South African lawyers use ChatGPT to argue case — get nailed after it makes up fake info

Lawyers arguing a case at the Johannesburg regional court have been called out in a judgement for using fake references generated by ChatGPT.

“The names and citations are fictitious, the facts are fictitious, and the decisions are fictitious,” said the judgement.

According to the Sunday Times, the judgement also delivered the lawyers’ client with a punitive costs order.

“When it comes to legal research, the efficiency of modern technology still needs to be infused with a dose of good old-fashioned independent reading,” said Magistrate Arvin Chaitram of the situation.

The case in question involved a woman who was suing her body corporate for defamation.

The counsel for the trustees of the body corporate argued that a body corporate could not be sued for defamation, and the counsel for the plaintiff, Michelle Parker, said there were earlier judgements that answered the question — they had just not had the time to access them.

Magistrate Chaitram postponed the case to late May to give both parties ample time to source the information they needed to prove their cases.

In the two months that followed, the various lawyers involved in the case tried to track down the information the lawyers had referred to.

Instead, they found that although ChatGPT had referred to actual cases and given real citations, the citations related to different cases than the ones named.

Additionally, these cases and citations were not at all appropriate to defamation suits between body corporates and individuals.

It was then admitted that the judgements had been sourced “through the medium of ChatGPT.”

Chaitram ruled that the lawyers had not intended to mislead the court — they were “simultaneously simply overzealous and careless.”

This meant no further action was taken against the lawyers beyond the punitive costs order.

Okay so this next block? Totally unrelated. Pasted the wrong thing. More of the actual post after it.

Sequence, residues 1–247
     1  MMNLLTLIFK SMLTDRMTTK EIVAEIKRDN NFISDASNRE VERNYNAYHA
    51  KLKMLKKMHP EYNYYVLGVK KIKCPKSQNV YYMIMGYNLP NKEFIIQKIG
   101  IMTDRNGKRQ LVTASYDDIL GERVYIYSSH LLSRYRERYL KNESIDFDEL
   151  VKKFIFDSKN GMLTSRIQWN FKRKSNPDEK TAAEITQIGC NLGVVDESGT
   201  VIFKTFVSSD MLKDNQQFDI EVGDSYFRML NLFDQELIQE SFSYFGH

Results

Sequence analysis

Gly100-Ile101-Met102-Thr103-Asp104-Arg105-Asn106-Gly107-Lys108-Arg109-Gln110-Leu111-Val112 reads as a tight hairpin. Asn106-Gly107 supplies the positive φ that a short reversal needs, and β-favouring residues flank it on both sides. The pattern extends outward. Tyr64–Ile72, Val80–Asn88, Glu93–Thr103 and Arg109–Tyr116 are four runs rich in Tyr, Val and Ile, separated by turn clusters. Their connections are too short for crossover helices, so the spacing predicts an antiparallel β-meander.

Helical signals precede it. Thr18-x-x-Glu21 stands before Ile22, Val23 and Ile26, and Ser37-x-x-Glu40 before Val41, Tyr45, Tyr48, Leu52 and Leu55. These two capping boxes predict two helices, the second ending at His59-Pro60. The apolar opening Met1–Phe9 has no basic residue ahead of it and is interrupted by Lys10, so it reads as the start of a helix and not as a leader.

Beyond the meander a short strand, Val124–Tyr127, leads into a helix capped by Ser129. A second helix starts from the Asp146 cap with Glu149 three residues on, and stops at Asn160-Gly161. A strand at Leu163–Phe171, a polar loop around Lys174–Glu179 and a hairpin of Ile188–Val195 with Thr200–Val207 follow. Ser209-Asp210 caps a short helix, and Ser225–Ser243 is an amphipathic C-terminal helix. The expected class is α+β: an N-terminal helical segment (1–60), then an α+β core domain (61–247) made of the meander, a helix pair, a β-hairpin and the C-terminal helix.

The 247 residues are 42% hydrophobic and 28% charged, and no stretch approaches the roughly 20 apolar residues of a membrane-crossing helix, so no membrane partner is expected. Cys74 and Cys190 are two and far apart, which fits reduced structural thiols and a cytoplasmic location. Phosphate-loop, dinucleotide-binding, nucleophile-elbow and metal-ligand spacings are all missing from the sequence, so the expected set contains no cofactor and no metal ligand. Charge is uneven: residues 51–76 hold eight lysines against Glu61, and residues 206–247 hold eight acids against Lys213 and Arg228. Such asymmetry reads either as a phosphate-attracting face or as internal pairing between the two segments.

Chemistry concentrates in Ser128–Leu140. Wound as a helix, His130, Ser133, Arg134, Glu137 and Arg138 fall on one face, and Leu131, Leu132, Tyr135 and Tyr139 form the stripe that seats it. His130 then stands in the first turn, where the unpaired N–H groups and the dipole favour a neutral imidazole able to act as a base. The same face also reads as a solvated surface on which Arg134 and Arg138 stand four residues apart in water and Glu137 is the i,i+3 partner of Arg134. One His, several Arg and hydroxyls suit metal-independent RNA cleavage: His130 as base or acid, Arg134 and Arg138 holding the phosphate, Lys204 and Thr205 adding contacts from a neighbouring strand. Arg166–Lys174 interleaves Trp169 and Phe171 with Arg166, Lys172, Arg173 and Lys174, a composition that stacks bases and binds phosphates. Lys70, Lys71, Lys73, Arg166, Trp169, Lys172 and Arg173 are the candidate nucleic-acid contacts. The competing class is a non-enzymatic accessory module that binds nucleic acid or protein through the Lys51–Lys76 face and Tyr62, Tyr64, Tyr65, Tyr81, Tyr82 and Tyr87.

“The embarrassment associated with this incident is probably sufficient punishment for the plaintiff’s attorneys,” said Chaitram.

ChatGPT’s made-up cases

South Africa is not the first country where lawyers uncritically believed ChatGPT and used it to supplement their work.

In the US, lawyers behind a court brief full of false case citations from ChatGPT were fined $5,000 (R93,045) last month.

US District Judge P. Kevin Castel found the lawyers — Steven Schwartz and Peter LoDuca — and their firm had “abandoned their responsibilities when they submitted non-existent judicial opinions with fake quotes and citations created by the artificial intelligence tool ChatGPT, then continued to stand by the fake opinions after judicial orders called their existence into question.”

Schwartz and LoDuca had filed the brief on behalf of Roberto Mata — a client who claimed he had been injured on a 2019 flight from El Salvador to New York. Mata’s suit was thrown out of court, too, as it was filed too late.

Castel also ordered the lawyers to send a transcript of the hearing, and Castel’s opinion, to each of the judges falsely identified as authors by ChatGPT.

“The Court will not require an apology from respondents because a compelled apology is not a sincere apology,” added Castel.

“Any decision to apologise is left to respondents.”

Now read: OpenAI makes GPT-4 API generally available

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South African lawyers use ChatGPT to argue case — get nailed after it makes up fake info